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Faith-Based Miranda: Why the New Missouri v. Seibert Police 'Bad Faith' Test is a Terrible Idea


Joelle Anne Moreno


Florida International University (FIU) - College of Law

2005

Arizona Law Review, vol. 47, Issue No. 2, p. 395 (2005)

Abstract:     
On June 28, 2004, the Supreme Court decided Missouri v. Seibert, 124 S. Ct. 2601 (2004). At first glance, Seibert looked like a Miranda victory, but this is an illusion. Although Justice Souter's plurality decision condemns question-first police practices designed to circumvent Miranda, the case is governed by Justice Kennedy's concurrence which required the defendant to prove that the interrogating officer acted in "bad faith."

The problem with Seibert is not that courts applying the new rule will ignore some epidemic of inadvertent Miranda violations; these are presumably rare. The real danger is the burden-shifting problem. Miranda created a presumption of coercion whenever the defendant established custody and interrogation. Seibert shifts the burden back to the defendant, paveing the way for prosecutors to persuade judges to admit statements taken in violation of Miranda in future cases if the defendant fails to prove that the police acted in bad faith. In fact, Seibert goes so far as to suggest that, even statements taken after deliberate bad faith violation of Miranda should be admitted if certain unexplained curative measures were taken by the police.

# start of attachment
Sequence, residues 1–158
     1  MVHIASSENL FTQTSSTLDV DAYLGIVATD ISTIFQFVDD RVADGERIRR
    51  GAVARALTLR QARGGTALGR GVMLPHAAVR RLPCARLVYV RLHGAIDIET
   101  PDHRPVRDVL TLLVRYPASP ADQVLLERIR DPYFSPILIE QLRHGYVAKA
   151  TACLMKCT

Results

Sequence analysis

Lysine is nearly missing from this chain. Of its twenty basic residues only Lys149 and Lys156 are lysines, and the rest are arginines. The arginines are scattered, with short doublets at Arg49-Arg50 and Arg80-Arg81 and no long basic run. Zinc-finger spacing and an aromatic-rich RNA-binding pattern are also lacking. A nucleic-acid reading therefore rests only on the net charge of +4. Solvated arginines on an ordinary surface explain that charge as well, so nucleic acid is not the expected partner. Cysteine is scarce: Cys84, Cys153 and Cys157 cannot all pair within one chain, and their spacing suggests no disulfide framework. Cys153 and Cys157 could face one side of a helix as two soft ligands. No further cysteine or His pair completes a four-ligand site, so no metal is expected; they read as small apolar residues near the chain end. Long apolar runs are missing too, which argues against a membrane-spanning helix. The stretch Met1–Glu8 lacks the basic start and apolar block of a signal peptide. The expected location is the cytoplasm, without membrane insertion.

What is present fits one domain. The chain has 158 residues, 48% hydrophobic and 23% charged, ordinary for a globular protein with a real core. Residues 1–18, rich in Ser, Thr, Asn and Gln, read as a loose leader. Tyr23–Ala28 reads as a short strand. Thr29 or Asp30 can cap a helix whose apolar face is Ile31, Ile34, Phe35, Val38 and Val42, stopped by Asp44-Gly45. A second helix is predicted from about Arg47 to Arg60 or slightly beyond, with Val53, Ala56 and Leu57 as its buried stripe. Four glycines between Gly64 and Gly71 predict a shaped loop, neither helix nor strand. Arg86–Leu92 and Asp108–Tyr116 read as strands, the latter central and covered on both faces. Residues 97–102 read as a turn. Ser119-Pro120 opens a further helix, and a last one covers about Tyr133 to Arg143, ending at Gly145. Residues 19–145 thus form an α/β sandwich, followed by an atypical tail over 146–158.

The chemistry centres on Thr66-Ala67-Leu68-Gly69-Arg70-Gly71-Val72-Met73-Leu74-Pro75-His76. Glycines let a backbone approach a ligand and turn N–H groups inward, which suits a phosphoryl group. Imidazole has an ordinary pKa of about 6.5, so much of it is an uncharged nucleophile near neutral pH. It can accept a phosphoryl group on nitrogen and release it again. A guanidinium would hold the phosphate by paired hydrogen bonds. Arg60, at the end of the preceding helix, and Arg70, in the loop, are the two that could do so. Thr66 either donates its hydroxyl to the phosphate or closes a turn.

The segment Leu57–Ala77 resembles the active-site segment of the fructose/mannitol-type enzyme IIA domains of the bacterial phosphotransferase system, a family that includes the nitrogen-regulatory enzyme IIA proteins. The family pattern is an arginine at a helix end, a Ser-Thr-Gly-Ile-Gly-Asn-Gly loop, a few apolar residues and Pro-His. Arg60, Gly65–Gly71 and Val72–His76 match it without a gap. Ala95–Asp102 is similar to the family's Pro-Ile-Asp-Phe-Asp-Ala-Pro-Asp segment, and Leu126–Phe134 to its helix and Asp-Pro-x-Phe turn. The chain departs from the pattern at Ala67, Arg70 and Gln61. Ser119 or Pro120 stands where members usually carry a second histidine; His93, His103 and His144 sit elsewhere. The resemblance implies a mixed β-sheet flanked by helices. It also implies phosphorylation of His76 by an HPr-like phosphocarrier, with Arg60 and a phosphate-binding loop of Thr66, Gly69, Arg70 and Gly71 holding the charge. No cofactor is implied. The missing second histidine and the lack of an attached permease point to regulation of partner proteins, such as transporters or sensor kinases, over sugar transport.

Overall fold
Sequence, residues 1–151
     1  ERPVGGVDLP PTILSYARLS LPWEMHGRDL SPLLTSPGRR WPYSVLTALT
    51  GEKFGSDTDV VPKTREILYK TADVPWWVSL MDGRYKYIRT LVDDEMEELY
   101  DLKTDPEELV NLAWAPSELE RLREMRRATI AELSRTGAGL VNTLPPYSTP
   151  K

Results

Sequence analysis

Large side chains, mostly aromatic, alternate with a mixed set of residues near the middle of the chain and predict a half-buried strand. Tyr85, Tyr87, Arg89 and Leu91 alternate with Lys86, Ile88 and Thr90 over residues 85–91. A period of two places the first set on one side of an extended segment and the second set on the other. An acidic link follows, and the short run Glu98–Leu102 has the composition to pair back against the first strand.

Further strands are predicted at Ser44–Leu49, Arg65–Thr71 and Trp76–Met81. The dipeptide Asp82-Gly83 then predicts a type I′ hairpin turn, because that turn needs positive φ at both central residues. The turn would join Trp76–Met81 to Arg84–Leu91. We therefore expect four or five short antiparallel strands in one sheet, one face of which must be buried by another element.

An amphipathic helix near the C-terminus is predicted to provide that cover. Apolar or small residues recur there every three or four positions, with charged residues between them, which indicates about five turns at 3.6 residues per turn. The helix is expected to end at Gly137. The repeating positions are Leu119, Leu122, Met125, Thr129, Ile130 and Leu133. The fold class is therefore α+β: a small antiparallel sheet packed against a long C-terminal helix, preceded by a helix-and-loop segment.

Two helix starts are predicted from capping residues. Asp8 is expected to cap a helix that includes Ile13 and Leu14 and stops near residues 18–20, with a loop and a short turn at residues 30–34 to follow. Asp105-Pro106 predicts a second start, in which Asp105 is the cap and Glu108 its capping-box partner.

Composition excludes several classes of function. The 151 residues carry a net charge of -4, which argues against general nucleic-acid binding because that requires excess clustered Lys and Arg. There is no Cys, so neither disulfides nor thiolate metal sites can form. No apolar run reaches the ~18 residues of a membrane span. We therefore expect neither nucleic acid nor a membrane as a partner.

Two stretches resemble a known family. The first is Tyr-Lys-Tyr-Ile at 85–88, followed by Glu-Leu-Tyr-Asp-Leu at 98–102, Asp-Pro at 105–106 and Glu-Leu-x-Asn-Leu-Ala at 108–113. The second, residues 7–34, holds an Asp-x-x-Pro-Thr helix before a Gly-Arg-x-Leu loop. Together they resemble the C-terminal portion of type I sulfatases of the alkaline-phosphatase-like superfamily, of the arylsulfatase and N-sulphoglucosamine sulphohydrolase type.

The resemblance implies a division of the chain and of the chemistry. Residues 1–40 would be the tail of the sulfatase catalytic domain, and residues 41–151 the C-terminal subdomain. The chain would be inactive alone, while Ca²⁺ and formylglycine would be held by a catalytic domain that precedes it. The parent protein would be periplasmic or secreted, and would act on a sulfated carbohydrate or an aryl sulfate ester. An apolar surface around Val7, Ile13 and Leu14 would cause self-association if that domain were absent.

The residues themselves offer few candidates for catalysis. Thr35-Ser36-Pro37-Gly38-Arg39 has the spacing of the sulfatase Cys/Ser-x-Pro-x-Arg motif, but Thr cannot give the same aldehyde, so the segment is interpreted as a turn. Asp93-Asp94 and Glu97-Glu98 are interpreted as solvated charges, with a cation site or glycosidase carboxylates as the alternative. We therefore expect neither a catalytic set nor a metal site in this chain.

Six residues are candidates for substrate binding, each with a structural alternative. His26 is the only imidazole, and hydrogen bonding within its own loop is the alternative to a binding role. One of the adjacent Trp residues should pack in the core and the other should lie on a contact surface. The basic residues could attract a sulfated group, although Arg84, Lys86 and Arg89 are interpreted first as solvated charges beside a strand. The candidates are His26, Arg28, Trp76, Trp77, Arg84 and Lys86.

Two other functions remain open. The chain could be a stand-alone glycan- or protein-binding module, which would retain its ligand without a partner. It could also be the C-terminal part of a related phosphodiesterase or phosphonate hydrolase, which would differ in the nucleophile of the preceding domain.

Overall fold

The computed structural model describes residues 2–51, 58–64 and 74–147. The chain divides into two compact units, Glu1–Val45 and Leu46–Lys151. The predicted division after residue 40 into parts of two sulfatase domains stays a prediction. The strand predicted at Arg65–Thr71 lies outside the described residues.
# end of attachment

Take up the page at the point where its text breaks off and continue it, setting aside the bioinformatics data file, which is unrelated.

This article suggests an alternative future. Without the police bad faith test, which does not currently have the support of a majority of the Court, Seibert's ban on unwarned pre-interrogation questioning could help transform Miranda into a more effective deterrent. Seibert reflects the reality that Miranda alone does not work and could be used to support the adoption of additional enforcement mechanisms, such as rules requiring the videotaping of custodial interrogations. With more than fifteen states currently contemplating the mandatory taping of all custodial interrogations, the time is ripe for a critical analysis of Seibert and its full potential.

Number of Pages in PDF File: 24

Keywords: Miranda test, Missouri v. Seibert, Dickerson v. United States, Oregon v. Elstad, Police bad faith, interrogations, Missouri Supreme Court

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Date posted: June 9, 2005 ; Last revised: February 27, 2014

Suggested Citation

Moreno, Joelle Anne, Faith-Based Miranda: Why the New Missouri v. Seibert Police 'Bad Faith' Test is a Terrible Idea (2005). Arizona Law Review, vol. 47, Issue No. 2, p. 395 (2005). Available at SSRN: http://ssrn.com/abstract=739105

Contact Information

Joelle Anne Moreno (Contact Author)
Florida International University (FIU) - College of Law ( email )
11200 SW 8th St.
RDB Hall 1097
Miami, FL 33199
United States
305-348-1152 (Phone)
305-348-7293 (Fax)
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